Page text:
Friday, April 18, 2014

“Gaming” Fiction

My current read.
Erik Tenkar, over at Tenkar’s Tavern, brought up a subject a while back that had me thinking about stuff (this happens a lot). The idea that some modules, or series of modules, can be ruined by novels that are written based on them. I have never had any personal experience with this, as I have never played in a game or campaign based on a series of books I have read. But, this is mainly due to the fact that most people share Erik’s view.

Case in point, I am an unabashed fan of the Dragonlance Chronicles. But, I have never played any of the DL modules because no one will run them. Everyone (and I mean EVERYONE) I ask about the idea says the same thing: If you’ve read the books, it will ruin the modules, and you will feel railroaded. I will have to concede the point, since I will obviously never get to experience it myself.

The problem, as I see it, is that this opinion bleeds over into peoples’ views of game-based fiction in general. Even tangentially. Generally speaking, everyone seems to deride books based on RPGs. Ok, not everyone, but large swaths of my associates, both gamers and non, feel that this sub-sub-genre isn’t worth their time. And I find that really sad, since some of the books I have read have been amazing. Personally, I enjoyed Chronicles more than I enjoyed Lord of the Rings.

My current read is a Pathfinder Tales novel written by Howard Andrew Jones, Plague of Shadows. I am really enjoying it. It’s got good characters, a suspenseful plot, and it’s well-written. Unfortunately, I know several people, some of whom are current or former gamers, who will just pass it by simply because it says “Pathfinder” on the cover.

Often times I will see reviews of these books on Amazon or Goodreads, and they will snobbishly label it as “just gaming fiction.” I saw one “reviewer” who said that Chronicles read like nothing more than some fanboy’s diary of his gaming sessions. Really? I have to question whether the person actually even read any of the books.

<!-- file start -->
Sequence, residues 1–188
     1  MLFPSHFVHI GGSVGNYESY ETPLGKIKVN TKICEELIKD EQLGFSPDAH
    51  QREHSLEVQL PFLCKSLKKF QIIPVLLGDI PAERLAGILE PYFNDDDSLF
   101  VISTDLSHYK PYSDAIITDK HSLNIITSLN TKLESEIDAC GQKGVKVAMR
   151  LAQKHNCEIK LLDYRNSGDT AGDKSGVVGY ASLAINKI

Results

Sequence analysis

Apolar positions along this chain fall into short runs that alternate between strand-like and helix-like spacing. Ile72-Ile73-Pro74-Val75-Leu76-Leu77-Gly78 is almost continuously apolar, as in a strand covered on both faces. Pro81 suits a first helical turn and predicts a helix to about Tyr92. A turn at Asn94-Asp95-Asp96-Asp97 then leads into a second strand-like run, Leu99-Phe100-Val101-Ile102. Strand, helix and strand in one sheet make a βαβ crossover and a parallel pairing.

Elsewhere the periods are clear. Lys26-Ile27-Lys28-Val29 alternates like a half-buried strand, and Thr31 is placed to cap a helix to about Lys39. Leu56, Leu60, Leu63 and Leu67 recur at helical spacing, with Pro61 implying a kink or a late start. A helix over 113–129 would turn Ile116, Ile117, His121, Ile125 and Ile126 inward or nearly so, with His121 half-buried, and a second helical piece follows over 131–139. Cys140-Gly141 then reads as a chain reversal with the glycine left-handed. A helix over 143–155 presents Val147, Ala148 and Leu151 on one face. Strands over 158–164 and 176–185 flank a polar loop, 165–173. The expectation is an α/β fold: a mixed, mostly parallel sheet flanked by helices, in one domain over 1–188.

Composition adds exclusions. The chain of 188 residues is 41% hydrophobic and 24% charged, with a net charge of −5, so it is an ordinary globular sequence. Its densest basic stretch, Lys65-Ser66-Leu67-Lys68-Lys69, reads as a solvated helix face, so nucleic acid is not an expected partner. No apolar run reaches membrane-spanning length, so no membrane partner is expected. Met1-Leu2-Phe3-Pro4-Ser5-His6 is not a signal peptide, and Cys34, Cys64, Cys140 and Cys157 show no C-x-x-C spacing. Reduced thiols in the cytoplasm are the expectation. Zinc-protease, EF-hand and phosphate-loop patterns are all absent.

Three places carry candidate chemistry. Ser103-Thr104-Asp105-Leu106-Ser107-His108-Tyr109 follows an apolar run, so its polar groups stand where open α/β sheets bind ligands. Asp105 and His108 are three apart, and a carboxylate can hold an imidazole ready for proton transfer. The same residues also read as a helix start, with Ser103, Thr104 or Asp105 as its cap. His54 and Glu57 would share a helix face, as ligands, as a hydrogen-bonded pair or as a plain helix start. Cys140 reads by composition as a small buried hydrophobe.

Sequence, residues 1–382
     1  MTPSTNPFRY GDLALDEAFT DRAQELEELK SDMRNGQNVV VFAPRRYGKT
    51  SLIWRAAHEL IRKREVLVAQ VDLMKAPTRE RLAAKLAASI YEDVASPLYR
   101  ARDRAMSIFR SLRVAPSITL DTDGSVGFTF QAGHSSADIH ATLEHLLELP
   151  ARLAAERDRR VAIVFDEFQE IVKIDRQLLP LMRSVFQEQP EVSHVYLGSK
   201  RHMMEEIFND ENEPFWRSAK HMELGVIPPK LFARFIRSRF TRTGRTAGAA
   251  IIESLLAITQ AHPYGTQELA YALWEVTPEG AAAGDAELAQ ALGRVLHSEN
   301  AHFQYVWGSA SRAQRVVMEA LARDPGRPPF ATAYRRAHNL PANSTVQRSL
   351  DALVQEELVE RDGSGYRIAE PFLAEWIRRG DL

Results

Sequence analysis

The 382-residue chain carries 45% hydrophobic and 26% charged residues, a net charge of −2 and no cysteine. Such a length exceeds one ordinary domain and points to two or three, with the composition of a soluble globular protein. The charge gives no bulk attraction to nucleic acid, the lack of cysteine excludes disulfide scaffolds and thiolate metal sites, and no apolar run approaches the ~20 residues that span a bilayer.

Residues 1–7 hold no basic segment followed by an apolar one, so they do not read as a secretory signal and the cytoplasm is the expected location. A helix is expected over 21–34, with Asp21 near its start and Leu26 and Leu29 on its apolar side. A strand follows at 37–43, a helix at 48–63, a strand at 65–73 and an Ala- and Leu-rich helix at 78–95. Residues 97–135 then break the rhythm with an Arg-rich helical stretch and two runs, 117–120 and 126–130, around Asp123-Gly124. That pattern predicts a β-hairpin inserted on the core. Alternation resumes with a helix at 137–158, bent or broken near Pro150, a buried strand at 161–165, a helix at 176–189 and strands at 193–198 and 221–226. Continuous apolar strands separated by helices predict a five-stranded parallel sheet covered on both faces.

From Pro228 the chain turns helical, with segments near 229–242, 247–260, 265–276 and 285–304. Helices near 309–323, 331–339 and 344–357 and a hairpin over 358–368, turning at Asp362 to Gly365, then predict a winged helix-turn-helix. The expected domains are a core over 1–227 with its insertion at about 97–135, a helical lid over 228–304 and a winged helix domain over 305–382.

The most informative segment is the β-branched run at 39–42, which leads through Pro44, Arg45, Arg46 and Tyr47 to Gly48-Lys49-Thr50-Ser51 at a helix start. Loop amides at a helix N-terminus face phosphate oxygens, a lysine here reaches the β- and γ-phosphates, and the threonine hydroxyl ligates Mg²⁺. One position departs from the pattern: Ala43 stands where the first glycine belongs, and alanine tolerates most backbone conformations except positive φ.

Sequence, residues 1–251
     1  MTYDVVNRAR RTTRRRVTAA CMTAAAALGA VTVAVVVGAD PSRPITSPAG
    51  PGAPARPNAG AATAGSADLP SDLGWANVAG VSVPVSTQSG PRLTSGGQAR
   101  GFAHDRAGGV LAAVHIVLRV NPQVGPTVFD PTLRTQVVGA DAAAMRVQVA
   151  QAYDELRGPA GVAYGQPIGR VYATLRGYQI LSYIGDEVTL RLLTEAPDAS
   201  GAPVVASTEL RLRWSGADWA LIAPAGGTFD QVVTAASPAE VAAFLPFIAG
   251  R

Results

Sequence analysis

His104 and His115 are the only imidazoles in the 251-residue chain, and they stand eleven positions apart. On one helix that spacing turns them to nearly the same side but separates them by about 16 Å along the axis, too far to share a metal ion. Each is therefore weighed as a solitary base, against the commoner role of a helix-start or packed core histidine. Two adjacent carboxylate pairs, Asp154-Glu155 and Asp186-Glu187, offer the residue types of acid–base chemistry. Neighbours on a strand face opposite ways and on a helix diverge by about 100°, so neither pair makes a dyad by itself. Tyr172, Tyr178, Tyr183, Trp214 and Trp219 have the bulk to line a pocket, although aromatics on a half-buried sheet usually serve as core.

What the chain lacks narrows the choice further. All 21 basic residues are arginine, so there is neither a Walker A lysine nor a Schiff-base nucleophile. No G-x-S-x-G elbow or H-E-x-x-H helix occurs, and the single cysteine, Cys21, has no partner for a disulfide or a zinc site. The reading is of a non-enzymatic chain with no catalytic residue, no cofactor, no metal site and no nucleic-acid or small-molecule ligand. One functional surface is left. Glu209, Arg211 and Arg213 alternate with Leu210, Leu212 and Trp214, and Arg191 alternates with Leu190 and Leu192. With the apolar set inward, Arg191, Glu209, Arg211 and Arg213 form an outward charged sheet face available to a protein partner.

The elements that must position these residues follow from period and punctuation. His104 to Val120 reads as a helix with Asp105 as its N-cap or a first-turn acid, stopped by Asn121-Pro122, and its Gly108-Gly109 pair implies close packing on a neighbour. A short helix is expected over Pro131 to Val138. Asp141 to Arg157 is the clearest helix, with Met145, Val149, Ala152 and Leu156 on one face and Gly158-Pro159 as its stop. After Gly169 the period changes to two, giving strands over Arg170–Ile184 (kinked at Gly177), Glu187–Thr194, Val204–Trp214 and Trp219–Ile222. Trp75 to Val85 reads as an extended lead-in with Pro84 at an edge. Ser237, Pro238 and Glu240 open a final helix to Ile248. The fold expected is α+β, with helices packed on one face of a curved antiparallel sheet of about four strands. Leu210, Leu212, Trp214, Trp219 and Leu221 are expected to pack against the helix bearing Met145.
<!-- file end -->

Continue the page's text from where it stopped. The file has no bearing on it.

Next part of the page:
On a related side-note, one complaint I see a lot is that these books do a poor job of representing magic that is based on an RPG rules system. I couldn’t disagree more. I have never read a game-related book where the magic system felt like dice-rolling. Maybe that's just the gamer-conditioning kicking in.

I don’t know, maybe I’m being too sensitive. But I often find game-related novels more enjoyable than their more “literary” cousins. A lot of fantasy literature is pretentious, verbose, and filled with needless details (Game of Thrones, anyone?). If that’s your bag, go for it, baby. But it isn’t mine. Give me some trite, geeky reading any day of the week.

1 comment:

  1. The Dragonlance series really set the bar for this connection. In Dragonlance though, the novels came first, then the very railroady adventures of which I have all of them I believe. We tried to play them back when they were still new and when you mixed people who read the novels with those who didn't there was this battle of expectations. "A kinder wouldn't act like that." "Goldmoon wouldn't do that." The major problem with the adventure series is the used the people from the story and the adventure was the same story. Just not a good recipe for an adventure.

    Because of this experience I think I've been very hesitant to get into a novel based adventure. I think this stuff works as long as you're not trying to recreate the story that has been written. An adventure should explore new areas of the world.